Pastoral services take place daily at the nonprofit Café El Meson, which provides literature and camaraderie in order to bridge the gap between Christian religious practice and daily life. Beyond a nook containing the sandwich counter and the espresso machine, wood tables spread out under an A-frame ceiling, and armchairs cozy up to a fireplace. Visitors sup on the El Meson sandwich, a ham, turkey, and pepper-jack shindig held on a focaccia-bread dance floor, and they imbibe blended drinks flavored with mango, peach, and other fruit flavors. Musical instruments displayed near the entrance evince a commitment to creative collaboration, and a gurgling fountain on the patio reveals what regular speech therapy can do for a puddle.
Carnitas Don Rafa's owner Rafael Vega transforms the knowledge he inherited from his father, a butcher turned restaurateur, into a menu of homestyle Mexican fare. Staffers lovingly stuff tortillas and tortas with a variety of proteins, including carne asada, milanesa, or the house specialty, the eponymous carnitas, made from a family recipe. A parking lot next door keeps faithful chariots and dune buggies safe as patrons pick up their doggie bags.
Maddanthony's Bar & Grill sports a newly renovated 6,000 square feet of lounging space with plasma televisions. Waiters pile plates with food from sister restaurant LaCoco's Pizza & Pasta next door and pour suds until 4 a.m. Sunday–Friday, 5 a.m. on Saturdays, and forever during a time warp. Karaoke enthusiasts belt tunes on Tuesday nights and guests with dance fever hustle onto the dance-floor Wednesday–Saturday nights with a live DJ spinning the most current tunes. The bar maintains a young, energetic vibe with abundant events and eats, hosting nights centered around UFC matchups, boxing tournaments, and high-octane city-council meetings.
For more than 26 years, the LaCoco family has piled crusts with fresh toppings and served house-made italian ice and sandwiches. Beginning with thin, pan, or deep-dish crusts and 19 toppings, LaCoco's pie tossers craft all manner of regional pizza styles, including gourmet specialty pizzas that bury nontraditional toppings in melted cheese, such as the BLT or buffalo-chicken pizza. LaCoco's recently-added large dining room better hosts larger parties and standard-issue pizza launchers. For off-site occasions, the restaurant proffers a catering menu of hearty Italian entrees.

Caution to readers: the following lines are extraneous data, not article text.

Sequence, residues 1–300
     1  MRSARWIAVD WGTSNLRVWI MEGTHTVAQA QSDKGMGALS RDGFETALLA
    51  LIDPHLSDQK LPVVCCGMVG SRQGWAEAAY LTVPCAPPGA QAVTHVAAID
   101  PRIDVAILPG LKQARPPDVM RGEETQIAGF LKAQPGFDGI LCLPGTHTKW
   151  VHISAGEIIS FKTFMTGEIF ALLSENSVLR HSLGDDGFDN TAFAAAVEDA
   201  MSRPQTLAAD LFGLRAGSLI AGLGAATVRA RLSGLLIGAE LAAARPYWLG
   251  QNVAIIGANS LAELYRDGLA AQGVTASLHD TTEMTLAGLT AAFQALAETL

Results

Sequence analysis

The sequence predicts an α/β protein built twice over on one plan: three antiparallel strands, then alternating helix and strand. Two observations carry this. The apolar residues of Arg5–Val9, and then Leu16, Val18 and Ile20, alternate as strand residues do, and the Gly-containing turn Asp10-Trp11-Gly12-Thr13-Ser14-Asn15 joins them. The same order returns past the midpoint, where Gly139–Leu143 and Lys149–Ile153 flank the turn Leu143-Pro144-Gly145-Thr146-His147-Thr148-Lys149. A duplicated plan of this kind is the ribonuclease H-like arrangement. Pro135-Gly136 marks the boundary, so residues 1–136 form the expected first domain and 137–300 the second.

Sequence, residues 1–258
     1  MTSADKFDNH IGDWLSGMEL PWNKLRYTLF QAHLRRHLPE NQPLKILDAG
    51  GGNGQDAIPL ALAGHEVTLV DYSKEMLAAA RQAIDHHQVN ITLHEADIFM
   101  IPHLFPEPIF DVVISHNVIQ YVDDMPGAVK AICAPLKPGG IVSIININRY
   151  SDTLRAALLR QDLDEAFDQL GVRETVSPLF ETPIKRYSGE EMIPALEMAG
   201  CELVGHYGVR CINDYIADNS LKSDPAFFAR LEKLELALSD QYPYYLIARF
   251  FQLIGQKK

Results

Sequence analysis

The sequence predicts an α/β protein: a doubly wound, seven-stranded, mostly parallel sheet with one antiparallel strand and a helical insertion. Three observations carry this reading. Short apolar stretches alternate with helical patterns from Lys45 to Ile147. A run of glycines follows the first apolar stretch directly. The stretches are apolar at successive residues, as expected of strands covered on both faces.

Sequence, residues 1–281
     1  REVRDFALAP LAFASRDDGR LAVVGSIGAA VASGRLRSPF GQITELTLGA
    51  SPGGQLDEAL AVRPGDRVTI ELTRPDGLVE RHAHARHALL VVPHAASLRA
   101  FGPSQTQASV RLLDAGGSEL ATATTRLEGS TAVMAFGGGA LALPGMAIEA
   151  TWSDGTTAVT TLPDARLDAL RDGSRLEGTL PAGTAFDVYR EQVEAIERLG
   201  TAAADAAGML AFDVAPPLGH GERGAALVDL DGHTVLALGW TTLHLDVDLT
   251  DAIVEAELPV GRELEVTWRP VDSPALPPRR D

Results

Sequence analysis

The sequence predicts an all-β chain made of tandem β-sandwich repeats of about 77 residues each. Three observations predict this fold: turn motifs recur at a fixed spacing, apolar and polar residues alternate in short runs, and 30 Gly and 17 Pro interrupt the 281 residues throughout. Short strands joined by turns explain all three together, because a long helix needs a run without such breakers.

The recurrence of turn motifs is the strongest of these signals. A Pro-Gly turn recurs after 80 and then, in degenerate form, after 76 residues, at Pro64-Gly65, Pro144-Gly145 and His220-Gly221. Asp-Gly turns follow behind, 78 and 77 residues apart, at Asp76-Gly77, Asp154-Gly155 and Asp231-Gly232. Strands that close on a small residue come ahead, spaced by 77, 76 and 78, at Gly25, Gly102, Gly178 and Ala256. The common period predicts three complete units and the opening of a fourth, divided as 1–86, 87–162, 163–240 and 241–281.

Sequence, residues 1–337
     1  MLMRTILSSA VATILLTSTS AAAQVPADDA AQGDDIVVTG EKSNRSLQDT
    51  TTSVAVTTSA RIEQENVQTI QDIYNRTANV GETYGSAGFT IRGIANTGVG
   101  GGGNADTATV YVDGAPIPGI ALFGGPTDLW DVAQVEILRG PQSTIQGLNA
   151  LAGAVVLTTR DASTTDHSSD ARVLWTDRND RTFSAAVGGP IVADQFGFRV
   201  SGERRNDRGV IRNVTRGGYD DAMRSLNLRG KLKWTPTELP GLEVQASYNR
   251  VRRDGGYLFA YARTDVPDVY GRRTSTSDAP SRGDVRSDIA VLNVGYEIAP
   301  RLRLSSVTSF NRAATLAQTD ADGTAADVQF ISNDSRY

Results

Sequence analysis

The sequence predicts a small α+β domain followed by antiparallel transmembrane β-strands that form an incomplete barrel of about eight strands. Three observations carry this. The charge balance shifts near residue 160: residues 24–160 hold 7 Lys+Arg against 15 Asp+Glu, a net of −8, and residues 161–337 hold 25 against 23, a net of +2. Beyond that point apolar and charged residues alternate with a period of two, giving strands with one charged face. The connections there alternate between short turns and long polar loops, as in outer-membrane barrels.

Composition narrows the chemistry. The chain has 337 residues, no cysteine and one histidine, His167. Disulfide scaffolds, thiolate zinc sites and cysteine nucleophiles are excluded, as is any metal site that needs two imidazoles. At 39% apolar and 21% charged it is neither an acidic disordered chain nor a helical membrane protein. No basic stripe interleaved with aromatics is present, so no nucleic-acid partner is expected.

As they struggled to make ends meet by peddling fruits and vegetables from a truck, Mr. and Mrs. Ricobene never dreamed that their family’s name would one day be renowned throughout the South Side of Chicago. The couple first opened their own food stand in 1946, where they doled out sandwiches, pizzas, and pastas inspired by their Italian homeland. With the aid of their sons, they soon perfected their signature dish—the breaded steak sandwich, a meal that would one day be lauded by reporters from Chicago magazine as one of the best in the city. Today, Ricobene’s has expanded to multiple restaurant locations across Chicagoland, and chefs continue to whip up steak sandwiches in accordance with the original Ricobene family recipe. They fold ultrathin steaks into crusty Italian rolls before showering sandwiches in peppers, cheese, and meaty marinara sauce. The chefs draw culinary inspiration from both Italy and Chicago, seasoning wieners in celery salt and topping deep-dish pizzas with mozzarella. Meanwhile, out in the casual dining rooms, guests perch at wooden tables and admire the photographs of old Chicago that speckle the walls.
Though there may be more than one way to skin a cat, there’s only one way to roast a goat—learn from a master. According the Chicago Reader, once John Zaragoza became interested in making birria, he sought out Miguel Segura, a renowned birriero in La Barca, Jalisco, Mexico who roasts his meat in backyard brick ovens. Two weeks studying with Segura taught him the varying cuts of birria and how to cultivate trust at the counter by chopping the meat in full view instead of pinkie swearing to each customer that the knives are clean.
Today, John and his family have their own recipe down pat. Kosher salt seasons the goat, which they seal in a steamer for up to six hours before covering it in an ancho-based mole sauce and transferring it to the oven. The cuts also yield a clean consommé broth that doubles as a garnish, which can be sprinkled on top alongside onions, cilantro, lime, and peppers. Handmade corn tortillas add the finishing touch to a birria meal at both Birrieria Zaragoza locations.
The goat can be ordered bone in or out, on a plate or in a taco—Every Day with Rachael Ray magazine ranks the restaurant No. 2 in the Midwest on a list of The 64 Best Tacos in the Country. For a spicy side, John's son Jonathan brews a signature fire-roasted salsa from scratch. Imported Mexican sodas wash down savory bites, whose popularity causes the Zaragozas to go through as many as 22 goats in a single weekend—more than the average caged T-Rex eats in a month.